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miracle shoes

it's gotta be the shoes!
  [vote for,

I saw the mythbusters episode where Adam tried to walk on water with some large surface area shoes.

I was annoyed.

It was a ninja myth special. Nevermind the owner at Cafe Barsodi's blowing my mind about the capabilities of Ninjas - Uptown, New Orleans.. Hope it's still there - if so, I think his name is Ron B.

Sorry, the Mythbusters failed to consider that some of our junior sentients CAN actually accomplish the feat.

Look up the Jesus Lizard.

The footware might have worked - for all of you who saw the episode, but does the Aussie Jesus Lizard just stroll out on the water as if his/her feet were magically bouyant?


That little lizard runs like a madman across the water's surface - not stomping straight down, but pushing the water back with his/her feet digging into the water like a high speed oar.


Miracle shoes fit your feet a bit more snugly than diving flippers.

The center 3 inches forms a central skid like a snow ski would.

On either side of the central skid are semicicular thrust fins mounted to the central skid by hinges.

The hinges lock shut when water is being pushed upon (you leaning forward in a sprinting way).

When you pull one foot out of the water, the resistance from the water collapses the pform to let it pull out of the water at 4" or so.

When you strike that same foot back down the pform first slightly expands by air resistance - and immediately expands fully with water contact.

DON'T disrespect accounts of ninjas!

It CAN work, it's a balance of physics, phisique(sp?), and live phorensics (I know - I'm sorry!)

Zimmy, Aug 14 2010

Aqua Skipper Hydro Foil http://extremetoysf...al%20Hydrofoil.html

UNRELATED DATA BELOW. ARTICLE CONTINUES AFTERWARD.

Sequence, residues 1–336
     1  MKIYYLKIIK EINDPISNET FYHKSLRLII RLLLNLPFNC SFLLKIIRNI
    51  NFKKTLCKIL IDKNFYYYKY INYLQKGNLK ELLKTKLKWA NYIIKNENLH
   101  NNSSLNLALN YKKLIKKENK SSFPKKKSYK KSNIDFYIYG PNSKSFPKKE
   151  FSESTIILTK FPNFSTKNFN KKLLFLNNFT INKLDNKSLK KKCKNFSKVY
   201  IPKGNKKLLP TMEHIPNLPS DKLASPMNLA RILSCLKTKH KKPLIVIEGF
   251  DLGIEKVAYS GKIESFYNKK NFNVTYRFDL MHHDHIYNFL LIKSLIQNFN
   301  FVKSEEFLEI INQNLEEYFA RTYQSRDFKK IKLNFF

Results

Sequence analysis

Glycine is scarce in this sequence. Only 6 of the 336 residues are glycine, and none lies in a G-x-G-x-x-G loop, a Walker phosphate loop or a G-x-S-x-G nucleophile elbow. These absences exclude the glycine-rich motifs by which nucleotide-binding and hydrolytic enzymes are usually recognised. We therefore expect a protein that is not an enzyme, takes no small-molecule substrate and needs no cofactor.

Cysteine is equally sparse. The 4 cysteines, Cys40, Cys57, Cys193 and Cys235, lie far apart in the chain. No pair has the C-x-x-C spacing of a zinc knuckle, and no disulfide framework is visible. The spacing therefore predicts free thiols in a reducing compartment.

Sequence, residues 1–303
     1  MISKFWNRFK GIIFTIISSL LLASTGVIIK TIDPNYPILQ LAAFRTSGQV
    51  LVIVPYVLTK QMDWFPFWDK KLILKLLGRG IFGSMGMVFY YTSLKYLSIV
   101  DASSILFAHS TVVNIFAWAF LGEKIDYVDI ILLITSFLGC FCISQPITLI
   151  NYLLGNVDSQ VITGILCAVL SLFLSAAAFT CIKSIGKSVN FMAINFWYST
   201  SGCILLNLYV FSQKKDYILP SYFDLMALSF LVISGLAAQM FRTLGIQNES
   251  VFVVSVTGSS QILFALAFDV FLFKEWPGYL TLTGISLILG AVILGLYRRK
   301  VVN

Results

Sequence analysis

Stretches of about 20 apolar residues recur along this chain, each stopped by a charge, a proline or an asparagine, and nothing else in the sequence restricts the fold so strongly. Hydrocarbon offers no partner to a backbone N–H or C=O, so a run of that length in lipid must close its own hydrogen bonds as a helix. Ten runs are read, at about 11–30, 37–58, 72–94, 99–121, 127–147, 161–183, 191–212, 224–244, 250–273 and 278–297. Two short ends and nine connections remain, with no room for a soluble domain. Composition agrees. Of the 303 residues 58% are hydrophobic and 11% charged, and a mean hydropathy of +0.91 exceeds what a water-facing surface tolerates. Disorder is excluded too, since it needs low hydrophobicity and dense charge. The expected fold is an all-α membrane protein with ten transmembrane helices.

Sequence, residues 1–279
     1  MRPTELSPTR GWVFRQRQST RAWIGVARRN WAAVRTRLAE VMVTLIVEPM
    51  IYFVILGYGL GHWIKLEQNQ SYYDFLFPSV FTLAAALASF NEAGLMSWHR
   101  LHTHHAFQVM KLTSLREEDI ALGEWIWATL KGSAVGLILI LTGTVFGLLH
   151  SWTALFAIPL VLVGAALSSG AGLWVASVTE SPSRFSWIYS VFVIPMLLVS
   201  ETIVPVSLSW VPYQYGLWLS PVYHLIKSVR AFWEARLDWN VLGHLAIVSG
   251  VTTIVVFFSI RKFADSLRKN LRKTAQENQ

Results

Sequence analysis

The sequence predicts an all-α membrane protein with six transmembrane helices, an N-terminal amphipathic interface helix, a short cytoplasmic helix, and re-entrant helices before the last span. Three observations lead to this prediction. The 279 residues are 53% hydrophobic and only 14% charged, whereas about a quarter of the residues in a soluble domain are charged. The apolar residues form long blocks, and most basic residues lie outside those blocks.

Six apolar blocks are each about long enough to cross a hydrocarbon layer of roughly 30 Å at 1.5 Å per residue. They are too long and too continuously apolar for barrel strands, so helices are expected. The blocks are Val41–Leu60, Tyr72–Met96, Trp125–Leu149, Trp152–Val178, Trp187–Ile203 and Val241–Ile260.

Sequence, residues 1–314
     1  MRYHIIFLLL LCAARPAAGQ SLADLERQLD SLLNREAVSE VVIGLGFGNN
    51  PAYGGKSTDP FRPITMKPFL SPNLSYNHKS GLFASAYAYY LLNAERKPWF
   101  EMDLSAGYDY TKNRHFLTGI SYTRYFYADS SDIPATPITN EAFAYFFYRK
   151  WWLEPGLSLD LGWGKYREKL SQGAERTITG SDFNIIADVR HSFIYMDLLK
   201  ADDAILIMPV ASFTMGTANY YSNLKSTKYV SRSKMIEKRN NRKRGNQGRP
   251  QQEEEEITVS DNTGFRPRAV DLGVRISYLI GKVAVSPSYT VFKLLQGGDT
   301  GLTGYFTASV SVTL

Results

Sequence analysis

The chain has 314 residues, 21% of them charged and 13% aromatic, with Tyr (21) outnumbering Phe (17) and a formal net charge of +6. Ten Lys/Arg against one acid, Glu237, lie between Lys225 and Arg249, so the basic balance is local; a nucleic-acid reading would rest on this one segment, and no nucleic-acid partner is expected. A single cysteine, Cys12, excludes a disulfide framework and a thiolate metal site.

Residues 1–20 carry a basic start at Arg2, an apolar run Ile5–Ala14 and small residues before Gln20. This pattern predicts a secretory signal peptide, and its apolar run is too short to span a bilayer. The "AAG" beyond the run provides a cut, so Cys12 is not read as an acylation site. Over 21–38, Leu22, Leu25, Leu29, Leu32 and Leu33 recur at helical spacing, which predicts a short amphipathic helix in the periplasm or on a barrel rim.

Compare to this hydrofoil. Make smaller versions and put one on each foot? [Bootbuckles, Aug 15 2010]


       I didn't know that.   

       Do you think this idea would work, though?
Zimmy, Aug 14 2010

       might work... with a set of scuba fins you can keep yourself almost half out of the water and they're not designed for it.   

FlyingToaster, Aug 14 2010

       //my understanding of the ninja walk-on-water trick was . . . //   

       One of the things that Mythbusters does, is "First replicate the circumstances of the myth, and then try to replicate the results."   

       Obviously there are practical considerations as to how far they're willing to go to get results, and what counts as a "replication".   

       This halfbaking would probably satisfy the Mythbusters second half of the mantra, if they were able to think of it, design it, and build it. Really though, it's probably a separate "myth", and not even that, since half-bakery ideas by definition are excluded from Mythbuster myths, at least most of the time.   

       Fortunately, the half-bakery and mythbuster myths have a lot in common. They're just not identical concepts.
Bootbuckles, Aug 15 2010

       sounds very x-country skiing'ish.
FlyingToaster, Aug 16 2010

       I was about to add this as a new idea under the title "Basiliscus Boots"   

       Public service announcement:   

       Drugs are bad, M'kay?   

       Especially the legal ones.
Zimmy, Aug 27 2010

       The mythbusters revisited the walking on water myth and it doesn't look good for the mechanics of this idea. They did NOT use a system which allowed for low drag on the pull out of the thrust point, but the failures were so spectacular, I am forced to seriously doubt the viability of this idea.
Zimmy, Apr 28 2011

       A grid of small valved flaps, like those used on pulse-jets, might be better. That way, a smaller proportion of the vertical movement would occur while the flaps are operating, and a larger proportion would be high resistance pushing and low resistance pulling. (I assume that pulse-jets have that arrangement for the same reason).   

       If the grids were fairly big, I don't see why the effort should exceed that of vigorous stair climbing.
spidermother, Apr 28 2011

       Buggered if i can find this, there was on Blue Peter way back in 1974 or something like that this old sailing guy. He made two not that big polystyrene float shoes, with flaps to let water coming from the front in, and stop it going back out that way so he could walk forwards. For support he had two sticks each with a bucket on the end for buoyancy (he had them open end down) I'm have gone for open end up, I think that might be more stable.   

       They did work.. If I can find the footage I'll post the link.
not_morrison_rm, Apr 28 2011


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